Obama Said to Include Tech Visas Expansion in Immigration Plan

U.S. President Barack Obama listens to a question during a news conference in the East Room of the White House in Washington, D.C., U.S., on Wednesday, Nov. 5, 2014

Photograph: Andrew Harrer/Bloomberg

President Barack Obama will let more foreign graduates of U.S. colleges with scientific and engineering backgrounds temporarily work in the country, partially addressing technology industry leaders’ desire for more skilled employees.

Obama will expand a program that now allows foreign graduates in science, technology, engineering and math fields to work in the U.S. for up to 29 months, said a person familiar with the White House plan.

The expansion is among executive actions Obama plans to take as soon as tomorrow. Technology executives have focused their lobbying on raising the number of longer-term visas for skilled workers, a provision that is included in immigration legislation stalled in the House.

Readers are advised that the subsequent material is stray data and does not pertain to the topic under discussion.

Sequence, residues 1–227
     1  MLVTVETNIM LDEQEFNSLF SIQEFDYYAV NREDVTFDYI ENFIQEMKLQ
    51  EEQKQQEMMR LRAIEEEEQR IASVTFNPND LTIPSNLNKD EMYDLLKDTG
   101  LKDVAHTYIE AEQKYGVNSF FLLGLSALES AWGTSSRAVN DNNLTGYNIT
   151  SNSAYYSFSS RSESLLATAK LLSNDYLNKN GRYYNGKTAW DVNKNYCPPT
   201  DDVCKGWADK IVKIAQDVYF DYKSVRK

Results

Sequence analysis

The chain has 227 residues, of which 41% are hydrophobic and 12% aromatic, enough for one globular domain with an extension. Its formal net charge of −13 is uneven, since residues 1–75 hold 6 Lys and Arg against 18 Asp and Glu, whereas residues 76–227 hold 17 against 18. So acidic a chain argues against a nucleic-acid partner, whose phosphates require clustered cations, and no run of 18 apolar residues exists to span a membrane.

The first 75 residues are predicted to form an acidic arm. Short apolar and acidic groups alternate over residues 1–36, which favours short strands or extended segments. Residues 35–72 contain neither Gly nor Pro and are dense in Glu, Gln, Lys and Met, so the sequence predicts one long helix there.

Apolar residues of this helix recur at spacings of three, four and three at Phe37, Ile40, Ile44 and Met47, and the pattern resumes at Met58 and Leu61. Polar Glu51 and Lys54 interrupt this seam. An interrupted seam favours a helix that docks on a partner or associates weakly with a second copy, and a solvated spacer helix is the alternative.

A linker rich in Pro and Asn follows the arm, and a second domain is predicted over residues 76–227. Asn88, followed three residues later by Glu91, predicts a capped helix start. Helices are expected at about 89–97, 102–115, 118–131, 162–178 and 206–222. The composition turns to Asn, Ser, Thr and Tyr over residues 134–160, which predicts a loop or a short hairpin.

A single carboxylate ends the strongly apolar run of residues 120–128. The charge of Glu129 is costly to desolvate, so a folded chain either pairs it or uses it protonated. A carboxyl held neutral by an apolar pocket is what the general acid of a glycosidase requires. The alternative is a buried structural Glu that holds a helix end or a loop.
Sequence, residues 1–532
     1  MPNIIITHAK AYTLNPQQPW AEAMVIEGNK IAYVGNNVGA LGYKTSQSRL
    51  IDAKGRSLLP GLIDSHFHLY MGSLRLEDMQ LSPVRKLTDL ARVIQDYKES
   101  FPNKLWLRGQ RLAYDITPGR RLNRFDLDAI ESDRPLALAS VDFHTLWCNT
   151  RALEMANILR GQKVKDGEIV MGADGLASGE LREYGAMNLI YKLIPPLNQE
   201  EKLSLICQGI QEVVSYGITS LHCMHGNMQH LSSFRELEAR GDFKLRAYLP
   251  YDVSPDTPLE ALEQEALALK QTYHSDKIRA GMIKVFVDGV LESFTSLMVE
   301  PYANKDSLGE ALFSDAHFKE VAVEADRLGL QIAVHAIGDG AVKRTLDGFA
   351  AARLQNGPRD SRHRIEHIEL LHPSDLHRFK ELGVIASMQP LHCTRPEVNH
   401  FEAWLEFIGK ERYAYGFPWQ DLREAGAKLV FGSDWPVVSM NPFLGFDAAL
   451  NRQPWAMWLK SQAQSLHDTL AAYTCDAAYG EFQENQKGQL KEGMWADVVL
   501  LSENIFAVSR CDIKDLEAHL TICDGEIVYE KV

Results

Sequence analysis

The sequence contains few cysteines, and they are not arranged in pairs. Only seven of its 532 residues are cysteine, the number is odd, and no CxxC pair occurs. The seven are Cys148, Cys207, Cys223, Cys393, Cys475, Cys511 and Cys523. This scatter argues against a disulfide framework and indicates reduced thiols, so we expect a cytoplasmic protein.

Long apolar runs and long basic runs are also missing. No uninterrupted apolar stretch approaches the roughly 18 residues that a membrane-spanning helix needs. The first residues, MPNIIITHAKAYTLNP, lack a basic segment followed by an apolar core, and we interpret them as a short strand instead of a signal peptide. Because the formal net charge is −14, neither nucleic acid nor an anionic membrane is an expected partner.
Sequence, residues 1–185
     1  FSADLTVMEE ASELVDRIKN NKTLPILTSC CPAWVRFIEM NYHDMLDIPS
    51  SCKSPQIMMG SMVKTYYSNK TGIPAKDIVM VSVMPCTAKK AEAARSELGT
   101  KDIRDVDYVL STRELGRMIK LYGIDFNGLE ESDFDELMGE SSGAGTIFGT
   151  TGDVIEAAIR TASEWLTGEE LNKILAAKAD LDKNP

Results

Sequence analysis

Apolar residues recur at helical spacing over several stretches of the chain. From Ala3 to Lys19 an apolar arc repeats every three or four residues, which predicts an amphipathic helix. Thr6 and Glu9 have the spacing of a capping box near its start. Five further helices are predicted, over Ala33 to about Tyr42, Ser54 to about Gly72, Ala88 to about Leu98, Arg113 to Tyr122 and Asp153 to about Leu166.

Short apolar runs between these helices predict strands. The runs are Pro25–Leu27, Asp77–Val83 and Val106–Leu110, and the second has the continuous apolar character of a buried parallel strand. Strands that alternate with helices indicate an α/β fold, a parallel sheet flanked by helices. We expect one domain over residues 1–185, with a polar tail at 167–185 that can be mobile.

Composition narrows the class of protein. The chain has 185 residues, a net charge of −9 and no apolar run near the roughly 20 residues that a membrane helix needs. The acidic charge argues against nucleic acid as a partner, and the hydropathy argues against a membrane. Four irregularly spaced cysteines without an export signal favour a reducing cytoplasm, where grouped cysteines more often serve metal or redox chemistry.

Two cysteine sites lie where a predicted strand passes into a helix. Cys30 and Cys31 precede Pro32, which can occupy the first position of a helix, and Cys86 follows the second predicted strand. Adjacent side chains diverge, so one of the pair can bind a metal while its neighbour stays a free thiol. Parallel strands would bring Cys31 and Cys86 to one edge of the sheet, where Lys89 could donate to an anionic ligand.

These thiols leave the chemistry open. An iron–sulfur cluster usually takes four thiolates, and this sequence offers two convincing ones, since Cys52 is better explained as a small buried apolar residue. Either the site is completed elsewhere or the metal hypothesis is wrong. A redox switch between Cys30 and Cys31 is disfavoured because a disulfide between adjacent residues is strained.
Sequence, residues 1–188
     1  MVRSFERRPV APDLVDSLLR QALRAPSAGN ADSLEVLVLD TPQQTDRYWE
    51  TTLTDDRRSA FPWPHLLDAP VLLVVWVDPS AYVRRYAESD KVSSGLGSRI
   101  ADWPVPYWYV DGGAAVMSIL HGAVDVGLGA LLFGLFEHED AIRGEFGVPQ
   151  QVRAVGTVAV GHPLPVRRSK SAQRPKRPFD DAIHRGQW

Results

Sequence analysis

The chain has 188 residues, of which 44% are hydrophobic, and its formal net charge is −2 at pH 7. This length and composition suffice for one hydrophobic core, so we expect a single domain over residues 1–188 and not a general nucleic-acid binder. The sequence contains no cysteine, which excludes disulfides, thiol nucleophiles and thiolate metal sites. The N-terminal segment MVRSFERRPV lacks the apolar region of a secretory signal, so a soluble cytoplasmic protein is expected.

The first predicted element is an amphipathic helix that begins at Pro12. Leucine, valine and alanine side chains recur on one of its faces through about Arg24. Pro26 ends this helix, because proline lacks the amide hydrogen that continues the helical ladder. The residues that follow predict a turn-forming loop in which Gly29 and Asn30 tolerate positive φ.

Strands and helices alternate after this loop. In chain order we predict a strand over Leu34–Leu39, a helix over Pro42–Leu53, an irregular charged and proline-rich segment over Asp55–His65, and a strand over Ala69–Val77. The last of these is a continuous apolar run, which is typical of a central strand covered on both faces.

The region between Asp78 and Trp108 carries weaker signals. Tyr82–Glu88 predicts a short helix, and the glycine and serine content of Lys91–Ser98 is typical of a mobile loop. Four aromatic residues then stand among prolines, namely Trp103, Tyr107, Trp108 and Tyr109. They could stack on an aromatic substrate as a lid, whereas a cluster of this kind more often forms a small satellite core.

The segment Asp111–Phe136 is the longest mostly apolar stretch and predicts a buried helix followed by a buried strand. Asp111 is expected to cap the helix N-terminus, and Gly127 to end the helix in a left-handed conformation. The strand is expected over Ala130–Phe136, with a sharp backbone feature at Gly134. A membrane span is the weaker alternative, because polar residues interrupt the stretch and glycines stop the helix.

“Speak to anyone in Silicon Valley, and they will tell you there’s a talent shortage,” said Vivek Wadhwa, a fellow at the Rock Center for Corporate Governance at Stanford University in California. “Silicon Valley is starved for talent.”

Between 100,000 and 200,000 people are working in the U.S. under the temporary Optional Training Program that Obama plans to expand, according to Wadhwa. That compares to about 750,000 on the long-term H-1B visa program that the legislation stalled in Congress would increase.

The person familiar with Obama’s plans declined to provide details on the scale or terms of the visa expansion in the president latest plans.

Enlarging the temporary program “is not a solution, it’s just another Band-Aid,” Wadhwa said. “We’re creating more of a mess with all of these people who are in this limbo state.”

Kim Berry, president of the Programmers Guild, an activist group that opposes laws that allow tech companies to employ cheaper foreign workers, said the expansion would hurt job prospects of native-born students receiving technical degrees.

Even new graduates from the best schools have a tough time finding jobs, since there are only so many entry-level positions, Berry said.

Unlike the H-1B visa program, companies aren’t required to pay prevailing industry wages to foreign workers employed through the temporary training program.